Monocyte Sensitivity and Stress-Induced Inflammation and Cortisol in Patients with Major Depressive Disorder or Posttraumatic Stress Disorder
AuthorContreras, Miguel A.
AdvisorPace, Thaddeus W. W.
MetadataShow full item record
PublisherThe University of Arizona.
RightsCopyright © is held by the author. Digital access to this material is made possible by the University Libraries, University of Arizona. Further transmission, reproduction or presentation (such as public display or performance) of protected items is prohibited except with permission of the author.
AbstractThe current study evaluated the relationship between stress-related psychiatric disorders, (major depressive disorder [MDD] or posttraumatic stress disorder [PTSD]) and the glucocorticoid inflammatory response, as well as the sensitivity of immune cells to glucocorticoids. It was hypothesized that participants with more severe cases of PTSD or MDD would exhibit greater inflammatory response (measured as either Interleukin 6 or nuclear factor-κB) to the Trier Social Stress Test that would also correspond to an attenuated cortisol response to the same stressor. It was also hypothesized that participants with a PTSD or MDD diagnosis would exhibit a decreased immune cell sensitivity to glucocorticoids such as dexamethasone. The current study found that more severe symptoms of MDD or PTSD correlated with lower levels of cortisol, which is largely responsible for controlling the body’s stress response. The current study also found that patients with PTSD showed decreased glucocorticoid sensitivity than patients without PTSD. The findings of the study suggest that patients with more severe symptoms of MDD or PTSD will have elevated response to stressors as shown by elevated levels of NF-kB, and that patients with these disorders may also have stress responses that are abnormally regulated because of altered immune cell glucocorticoid sensitivity.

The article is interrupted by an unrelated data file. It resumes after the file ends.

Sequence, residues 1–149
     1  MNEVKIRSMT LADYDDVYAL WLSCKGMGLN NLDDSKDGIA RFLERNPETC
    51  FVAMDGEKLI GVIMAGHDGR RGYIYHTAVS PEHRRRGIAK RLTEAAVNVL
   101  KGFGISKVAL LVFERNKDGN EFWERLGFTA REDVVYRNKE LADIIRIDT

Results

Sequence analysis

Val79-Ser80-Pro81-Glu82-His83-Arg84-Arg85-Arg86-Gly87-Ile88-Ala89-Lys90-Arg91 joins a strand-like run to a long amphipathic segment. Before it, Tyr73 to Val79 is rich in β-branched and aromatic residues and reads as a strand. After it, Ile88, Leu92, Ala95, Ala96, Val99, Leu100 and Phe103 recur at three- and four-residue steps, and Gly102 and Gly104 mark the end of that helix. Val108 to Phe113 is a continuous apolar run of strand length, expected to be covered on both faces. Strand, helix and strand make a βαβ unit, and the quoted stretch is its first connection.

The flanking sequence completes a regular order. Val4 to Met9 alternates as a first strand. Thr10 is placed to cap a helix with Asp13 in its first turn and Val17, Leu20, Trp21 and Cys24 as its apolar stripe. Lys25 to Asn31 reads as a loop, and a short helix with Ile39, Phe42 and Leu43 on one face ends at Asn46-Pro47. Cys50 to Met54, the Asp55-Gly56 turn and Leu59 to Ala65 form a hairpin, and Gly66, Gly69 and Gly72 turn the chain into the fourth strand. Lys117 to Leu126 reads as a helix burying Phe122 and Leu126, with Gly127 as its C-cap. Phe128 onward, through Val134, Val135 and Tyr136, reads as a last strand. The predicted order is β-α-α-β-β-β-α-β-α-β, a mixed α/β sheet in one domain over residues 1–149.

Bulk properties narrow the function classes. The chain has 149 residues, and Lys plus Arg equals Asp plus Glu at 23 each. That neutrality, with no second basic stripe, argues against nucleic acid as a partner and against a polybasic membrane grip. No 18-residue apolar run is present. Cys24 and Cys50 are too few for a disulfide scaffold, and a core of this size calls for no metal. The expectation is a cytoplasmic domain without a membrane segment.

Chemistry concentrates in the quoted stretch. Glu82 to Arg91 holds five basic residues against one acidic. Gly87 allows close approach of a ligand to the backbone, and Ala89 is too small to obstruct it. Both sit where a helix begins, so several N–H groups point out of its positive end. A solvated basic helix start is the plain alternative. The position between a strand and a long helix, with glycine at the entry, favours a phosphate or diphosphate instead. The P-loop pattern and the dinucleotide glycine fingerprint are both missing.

Degree ProgramHonors College